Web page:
Re: birding-aus Birds in Captivity (was Re: Spotted Bowerbird)

Subject: Re: birding-aus Birds in Captivity (was Re: Spotted Bowerbird)
From: Mike Owen <>
Date: Sat, 20 Mar 1999 21:59:10 +1000

Vicki Parslow Stafford wrote:

> What gives?  Can anyone enlighten me as to how these and other species,
> which cannot be kept simply as pets or traded in here in Australia, have
> come to be so common in the US.  Is this purely as a result of illegal
> trade, or are there legitimate avenues for this to occur?

Large numbers of Australian birds were exported legally from
Australia up until, I think, the early 1950's.  I would guess
that Kookaburras would have been quite a common export item given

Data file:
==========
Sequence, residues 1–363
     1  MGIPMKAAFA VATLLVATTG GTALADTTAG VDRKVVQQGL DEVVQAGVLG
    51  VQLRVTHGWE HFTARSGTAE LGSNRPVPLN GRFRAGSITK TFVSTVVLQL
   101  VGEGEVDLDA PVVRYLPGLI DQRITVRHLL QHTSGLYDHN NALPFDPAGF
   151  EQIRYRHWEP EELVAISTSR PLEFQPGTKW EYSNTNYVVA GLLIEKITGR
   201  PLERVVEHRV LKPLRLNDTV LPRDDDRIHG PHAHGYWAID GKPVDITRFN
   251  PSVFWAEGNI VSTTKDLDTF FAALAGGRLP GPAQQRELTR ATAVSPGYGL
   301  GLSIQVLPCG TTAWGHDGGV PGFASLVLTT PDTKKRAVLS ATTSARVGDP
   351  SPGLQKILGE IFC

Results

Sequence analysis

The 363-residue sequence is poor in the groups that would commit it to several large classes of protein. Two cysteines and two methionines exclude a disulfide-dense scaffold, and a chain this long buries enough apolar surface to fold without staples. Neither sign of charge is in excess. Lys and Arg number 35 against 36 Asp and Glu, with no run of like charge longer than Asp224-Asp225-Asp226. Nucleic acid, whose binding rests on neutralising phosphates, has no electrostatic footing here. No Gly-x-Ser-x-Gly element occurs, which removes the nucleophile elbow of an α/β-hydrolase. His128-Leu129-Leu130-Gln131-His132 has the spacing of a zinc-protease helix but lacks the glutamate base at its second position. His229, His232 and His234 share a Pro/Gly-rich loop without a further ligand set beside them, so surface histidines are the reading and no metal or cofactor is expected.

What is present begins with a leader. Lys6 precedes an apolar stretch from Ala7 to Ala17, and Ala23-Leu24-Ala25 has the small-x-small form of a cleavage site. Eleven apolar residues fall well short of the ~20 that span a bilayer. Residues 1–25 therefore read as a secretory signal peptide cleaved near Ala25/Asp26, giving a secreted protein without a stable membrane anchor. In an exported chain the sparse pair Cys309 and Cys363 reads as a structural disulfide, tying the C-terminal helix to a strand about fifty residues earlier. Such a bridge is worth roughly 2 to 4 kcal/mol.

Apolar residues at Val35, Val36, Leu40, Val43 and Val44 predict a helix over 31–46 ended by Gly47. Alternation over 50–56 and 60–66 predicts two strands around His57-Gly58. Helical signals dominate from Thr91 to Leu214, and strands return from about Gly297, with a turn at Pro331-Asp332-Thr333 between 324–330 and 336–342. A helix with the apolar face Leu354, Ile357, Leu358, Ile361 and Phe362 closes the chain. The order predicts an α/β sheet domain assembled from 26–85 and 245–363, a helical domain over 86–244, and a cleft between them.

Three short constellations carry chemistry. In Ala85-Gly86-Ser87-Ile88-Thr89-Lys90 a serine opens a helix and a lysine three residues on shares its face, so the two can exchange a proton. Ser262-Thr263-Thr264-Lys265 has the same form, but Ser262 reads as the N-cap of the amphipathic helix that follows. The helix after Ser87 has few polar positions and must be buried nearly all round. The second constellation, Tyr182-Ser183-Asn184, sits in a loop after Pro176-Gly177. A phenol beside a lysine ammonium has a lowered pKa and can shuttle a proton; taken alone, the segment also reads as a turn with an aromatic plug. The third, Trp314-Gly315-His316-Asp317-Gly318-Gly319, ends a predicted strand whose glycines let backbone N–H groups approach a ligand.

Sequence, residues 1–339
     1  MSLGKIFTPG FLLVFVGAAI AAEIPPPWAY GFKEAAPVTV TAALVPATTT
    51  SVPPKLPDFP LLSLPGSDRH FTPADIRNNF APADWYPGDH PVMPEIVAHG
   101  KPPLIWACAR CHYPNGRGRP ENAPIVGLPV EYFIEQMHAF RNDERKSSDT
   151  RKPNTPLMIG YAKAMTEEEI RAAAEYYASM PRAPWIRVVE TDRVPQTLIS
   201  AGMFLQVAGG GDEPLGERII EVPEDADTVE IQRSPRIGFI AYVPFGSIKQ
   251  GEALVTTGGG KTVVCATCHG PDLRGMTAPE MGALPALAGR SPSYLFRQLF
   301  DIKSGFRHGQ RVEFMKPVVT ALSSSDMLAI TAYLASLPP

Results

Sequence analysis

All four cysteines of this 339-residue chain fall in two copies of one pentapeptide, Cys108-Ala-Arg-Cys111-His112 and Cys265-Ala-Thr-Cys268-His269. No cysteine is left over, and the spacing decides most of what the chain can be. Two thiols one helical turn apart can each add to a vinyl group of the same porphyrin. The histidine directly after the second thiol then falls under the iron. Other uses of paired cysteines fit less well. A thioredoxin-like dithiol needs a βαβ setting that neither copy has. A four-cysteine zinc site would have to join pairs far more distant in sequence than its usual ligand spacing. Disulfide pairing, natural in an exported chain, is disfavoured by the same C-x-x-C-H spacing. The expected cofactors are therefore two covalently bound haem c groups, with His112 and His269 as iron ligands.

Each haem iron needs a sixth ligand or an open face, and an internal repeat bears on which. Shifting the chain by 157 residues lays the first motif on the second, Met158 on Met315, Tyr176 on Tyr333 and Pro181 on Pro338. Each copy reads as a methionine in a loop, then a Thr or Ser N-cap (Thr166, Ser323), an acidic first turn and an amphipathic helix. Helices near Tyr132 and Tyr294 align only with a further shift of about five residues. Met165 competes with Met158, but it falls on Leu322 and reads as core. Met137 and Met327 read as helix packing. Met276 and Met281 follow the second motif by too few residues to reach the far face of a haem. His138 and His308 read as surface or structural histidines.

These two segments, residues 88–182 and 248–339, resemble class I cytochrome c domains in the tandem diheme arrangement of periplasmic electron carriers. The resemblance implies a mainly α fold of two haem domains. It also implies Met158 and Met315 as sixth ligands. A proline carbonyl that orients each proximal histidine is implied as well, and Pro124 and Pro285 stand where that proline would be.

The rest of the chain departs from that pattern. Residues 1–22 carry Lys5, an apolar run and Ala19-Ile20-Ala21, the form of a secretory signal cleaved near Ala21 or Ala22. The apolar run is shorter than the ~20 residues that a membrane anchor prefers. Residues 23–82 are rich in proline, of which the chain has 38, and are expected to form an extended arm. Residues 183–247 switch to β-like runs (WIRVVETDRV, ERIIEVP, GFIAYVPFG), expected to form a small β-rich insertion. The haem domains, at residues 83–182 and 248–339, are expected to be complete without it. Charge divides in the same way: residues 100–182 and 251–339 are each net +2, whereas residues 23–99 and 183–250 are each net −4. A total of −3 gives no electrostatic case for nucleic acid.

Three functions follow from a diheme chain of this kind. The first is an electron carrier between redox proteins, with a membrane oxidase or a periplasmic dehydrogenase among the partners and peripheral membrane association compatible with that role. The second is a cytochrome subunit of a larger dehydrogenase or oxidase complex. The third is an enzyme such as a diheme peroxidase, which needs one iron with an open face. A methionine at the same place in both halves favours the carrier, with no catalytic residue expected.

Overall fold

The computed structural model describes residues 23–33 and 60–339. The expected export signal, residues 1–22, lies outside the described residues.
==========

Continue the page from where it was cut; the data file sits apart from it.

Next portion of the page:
their unique call.  Since they breed easily in captivity it would
be quite feasible that those to be found overseas are decendents
of the early exports. 

As to other groups such as mammals and reptiles, I have no idea
how they have become common overseas but can make a fw guesses. 
It is obvious from discussions I have seen on USA mail lists that
smuggling of reptiles is common.  Many species of Australian
reptiles found in the USA have only become available in the last
ten years with the explosion in popularity of reptiles as pets in
the USA. Smuggling a wallaby sounds a pretty big challenge

I believe that the only legal way such mammals can go overseas is
part of Zoo to Zoo exchanges.  It is quite possible I guess that
zoos that are successful in breeding Australian mammals obtained
by legal zoo exchange might sell excess stock to the open
market.  That has certainly happened with Australian parrots with
at least one zoo having sold large numbers of excess zoo-bred
lorikeets onto the open market.  


Mike Owen
Sunshine Coast
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